Brian Harman hunts first major but McIlroy not ruling himself out of Open | The Open

Thirty-six holes down, a five-shot lead. The hunter has become the hunted. Ominously for Brian Harman, in the quintet of mainstream events where he has held any form of advantage at the halfway point, he has failed to win.

That statistic may alleviate stress among the remainder of the Open Championship field, who rubbed their eyes with amazement at Harman’s 10-under-par aggregate. The American scoffed in the face of modest scoring at Royal Liverpool. His two-round score, 132, is the lowest for a Hoylake Open.

In one of the more bizarre major press conference departures of recent times, the 36-year-old explained his penchant for killing animals. He missed the cut at the Masters and immediately slaughtered a pig and a turkey. “I’ve been a hunter my entire life,” he boasted. “I enjoy the strategy of it. We eat a lot of wild meat at my house so I enjoy butchering and I do a lot of hunting.” Champions traditionally drink from the Claret Jug. One is left to ponder what on earth Harman may do with the famous trophy.

This nonsense should not deviate from the fact Harman has a low, piercing ball flight which is ideal for links golf and a putting stroke which currently looks as if it cannot fail. He tied sixth in the Open of 2022 and performed well at last weekend’s Scottish Open. Tommy Fleetwood, Jordan Spieth, Jason Day, Rory McIlroy and other blue-chip names have designs on this Open but Harman’s rounds – 67, 65 – have been in the style of a man in complete control of his own destiny. The last player to hold a five-stroke Open lead on Friday night was Louis Oosthuizen in 2010. The South African won by seven.

“I have been hitting a lot of fairways,” the man from Georgia said. “Then I’ve been hitting it on to most of the greens and I’m putting well. I don’t know what anybody else has been doing.” Struggling, Brian. Struggling.

That assessment may be unfair in respect of Fleetwood. He was one over for his round and six shy of Harman when taking to the 14th tee. The Englishman reeled off two birdies in a row from there to cut the deficit. Trouble followed; he found a bunker from the 16th tee, from where he had to settle for a bogey. He bravely rescued pars at the 17th and 18th. This was a hard-fought, level-par 71. Fleetwood, who hails from nearby Southport, has been roared from hole to hole by adoring galleries. He is the long-haired clubber for Liverpool. “It is a very tough and challenging course,” he said. “I feel I played so well at times but it’s difficult to make birdies.”

Tommy Fleetwood reacts after missing a putt on the 13th green on day two of the Open
Tommy Fleetwood reacts after missing a putt on the 13th green on day two of the Open. Photograph: David Davies/PA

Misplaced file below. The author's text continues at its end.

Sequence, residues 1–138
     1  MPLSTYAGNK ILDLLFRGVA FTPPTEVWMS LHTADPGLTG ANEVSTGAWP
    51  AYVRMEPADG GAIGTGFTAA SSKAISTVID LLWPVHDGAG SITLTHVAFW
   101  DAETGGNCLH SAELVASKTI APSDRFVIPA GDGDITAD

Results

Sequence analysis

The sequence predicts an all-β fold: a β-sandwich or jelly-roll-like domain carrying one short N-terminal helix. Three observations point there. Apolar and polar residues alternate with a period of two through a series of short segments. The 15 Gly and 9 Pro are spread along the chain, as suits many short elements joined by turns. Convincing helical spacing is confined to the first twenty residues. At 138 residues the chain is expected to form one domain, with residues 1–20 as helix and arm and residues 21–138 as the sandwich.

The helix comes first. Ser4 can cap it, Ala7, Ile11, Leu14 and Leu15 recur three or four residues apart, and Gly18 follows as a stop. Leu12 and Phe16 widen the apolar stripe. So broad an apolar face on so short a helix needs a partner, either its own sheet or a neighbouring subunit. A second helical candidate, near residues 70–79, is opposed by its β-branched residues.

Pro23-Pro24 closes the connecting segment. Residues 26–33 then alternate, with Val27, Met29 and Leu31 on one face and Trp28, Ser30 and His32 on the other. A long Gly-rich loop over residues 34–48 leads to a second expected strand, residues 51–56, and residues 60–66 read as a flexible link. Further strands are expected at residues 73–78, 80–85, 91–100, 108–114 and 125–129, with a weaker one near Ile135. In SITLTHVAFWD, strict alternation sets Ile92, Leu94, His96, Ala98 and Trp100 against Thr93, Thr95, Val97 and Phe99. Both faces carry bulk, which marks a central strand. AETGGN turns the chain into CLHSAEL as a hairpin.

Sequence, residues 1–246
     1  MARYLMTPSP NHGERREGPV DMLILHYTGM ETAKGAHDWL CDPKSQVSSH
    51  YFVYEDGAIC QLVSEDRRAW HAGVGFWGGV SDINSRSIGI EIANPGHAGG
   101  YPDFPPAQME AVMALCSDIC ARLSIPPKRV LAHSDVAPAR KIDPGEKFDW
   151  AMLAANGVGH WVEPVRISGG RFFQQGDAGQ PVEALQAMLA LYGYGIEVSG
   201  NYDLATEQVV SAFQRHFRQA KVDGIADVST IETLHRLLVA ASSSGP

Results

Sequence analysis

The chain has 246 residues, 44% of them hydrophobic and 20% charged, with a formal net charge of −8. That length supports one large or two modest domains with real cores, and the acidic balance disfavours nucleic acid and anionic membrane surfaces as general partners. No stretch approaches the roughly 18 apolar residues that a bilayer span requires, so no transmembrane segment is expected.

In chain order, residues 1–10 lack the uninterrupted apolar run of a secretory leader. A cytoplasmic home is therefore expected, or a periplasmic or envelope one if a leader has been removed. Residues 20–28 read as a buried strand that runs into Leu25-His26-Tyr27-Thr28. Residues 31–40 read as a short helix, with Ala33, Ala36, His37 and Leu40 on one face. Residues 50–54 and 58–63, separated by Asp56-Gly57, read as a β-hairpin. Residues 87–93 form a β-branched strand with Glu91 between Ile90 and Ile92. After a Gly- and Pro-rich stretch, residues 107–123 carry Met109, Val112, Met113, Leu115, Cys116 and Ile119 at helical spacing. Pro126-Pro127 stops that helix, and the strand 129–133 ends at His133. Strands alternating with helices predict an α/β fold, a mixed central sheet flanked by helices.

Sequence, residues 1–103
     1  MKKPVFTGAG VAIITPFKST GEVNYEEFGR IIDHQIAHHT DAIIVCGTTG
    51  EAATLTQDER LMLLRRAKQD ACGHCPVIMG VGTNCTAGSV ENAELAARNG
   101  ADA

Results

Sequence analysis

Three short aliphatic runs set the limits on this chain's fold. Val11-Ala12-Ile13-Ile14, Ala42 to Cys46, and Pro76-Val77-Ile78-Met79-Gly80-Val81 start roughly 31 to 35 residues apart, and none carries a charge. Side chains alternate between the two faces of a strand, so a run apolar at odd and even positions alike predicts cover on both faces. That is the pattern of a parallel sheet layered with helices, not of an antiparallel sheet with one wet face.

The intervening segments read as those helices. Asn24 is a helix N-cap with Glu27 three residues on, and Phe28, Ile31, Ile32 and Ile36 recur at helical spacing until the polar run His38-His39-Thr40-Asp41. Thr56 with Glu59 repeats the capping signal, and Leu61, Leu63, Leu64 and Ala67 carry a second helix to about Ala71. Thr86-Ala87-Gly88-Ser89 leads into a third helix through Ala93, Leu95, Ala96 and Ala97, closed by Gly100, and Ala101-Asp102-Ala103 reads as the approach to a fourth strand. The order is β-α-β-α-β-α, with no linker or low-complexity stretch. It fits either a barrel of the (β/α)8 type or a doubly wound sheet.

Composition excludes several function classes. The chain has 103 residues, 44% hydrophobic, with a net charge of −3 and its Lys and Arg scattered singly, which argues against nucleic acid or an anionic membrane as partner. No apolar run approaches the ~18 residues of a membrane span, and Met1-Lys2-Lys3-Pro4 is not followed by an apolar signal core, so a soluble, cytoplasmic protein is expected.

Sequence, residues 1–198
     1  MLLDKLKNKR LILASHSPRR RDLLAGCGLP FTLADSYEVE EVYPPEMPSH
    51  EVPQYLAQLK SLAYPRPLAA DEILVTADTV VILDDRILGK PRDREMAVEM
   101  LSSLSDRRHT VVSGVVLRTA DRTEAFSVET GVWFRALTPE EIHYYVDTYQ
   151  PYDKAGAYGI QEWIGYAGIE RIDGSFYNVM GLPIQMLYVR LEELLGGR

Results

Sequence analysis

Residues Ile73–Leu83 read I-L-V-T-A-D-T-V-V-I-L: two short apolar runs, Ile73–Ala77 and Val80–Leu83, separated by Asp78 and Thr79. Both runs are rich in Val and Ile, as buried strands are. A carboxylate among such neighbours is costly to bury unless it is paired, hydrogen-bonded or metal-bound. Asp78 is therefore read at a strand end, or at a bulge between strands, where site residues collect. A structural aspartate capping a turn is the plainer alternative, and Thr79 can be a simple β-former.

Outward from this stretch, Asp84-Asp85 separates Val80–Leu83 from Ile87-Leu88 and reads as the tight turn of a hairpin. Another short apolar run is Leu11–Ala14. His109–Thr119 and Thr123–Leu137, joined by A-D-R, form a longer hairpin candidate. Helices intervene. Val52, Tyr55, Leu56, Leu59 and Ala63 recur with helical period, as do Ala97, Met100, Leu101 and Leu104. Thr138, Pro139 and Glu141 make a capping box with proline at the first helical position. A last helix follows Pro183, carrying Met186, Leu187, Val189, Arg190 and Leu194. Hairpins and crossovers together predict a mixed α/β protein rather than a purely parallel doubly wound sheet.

Harman birdied the 2nd, 3rd, 4th and 5th while reaching the turn in 31. His eight-under-par total was under threat when he had to emerge sideways from a fairway bunker at the 12th and then missed the green. The world No 26 duly chipped in for par. A relatively mundane stretch followed until he arrowed his second shot to the par-five 18th to within 15ft of the cup. He buried his eagle putt. “I love this kind of golf,” he later declared.

Sepp Straka curled in a birdie at the last for a 67 and four-under tally. His Ryder Cup prospects have been generally underplayed but the Austrian would place himself firmly in the thoughts of Luke Donald, the European captain, with a high finish here.

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Min Woo Lee’s 68 moved him to three under, where he has Shubhankar Sharma and Day for company. The latter’s 67 was notable as he continues an apparent ascent back to the top of this sport. The group at two under includes Adrian Otaegui, Emiliano Grillo and Spieth. The 2017 champion scrambled well during a round of 70 but having reached five under at the turn, Spieth departed the 18th with shoulders slumped. His back nine was 39. “I understand a lot can happen at an Open but eight shots is a lot to a player who’s playing really well,” said the Texan.

McIlroy’s round of 70 was bookended with birdies but included putting troubles in between. The world No 2 looked unsure of breaks on the greens in whipping winds. Nine shots adrift appears an insurmountable task for McIlroy, who shares 11th place, but the prospect of Harman wobbling has to be factored in. So, too, does heavy rain predicted for much of Saturday. The Open is about to get messy.

“Ten under par is unbelievably impressive,” said McIlroy. “We’ll see what the weekend holds. But after two days I’m actually pretty happy with my work. Right now it’s not quite out of my hands. I think if I can get to three, four, five under par going into Sunday, I’ll have a really good chance.”

Those to miss the cut included Phil Mickelson, Dustin Johnson, Justin Thomas and Justin Rose. Jon Rahm, the Masters champion, survived at plus two. If not for Harman, Rahm would be right in this tournament. So many golfers are praying for an epic stumble.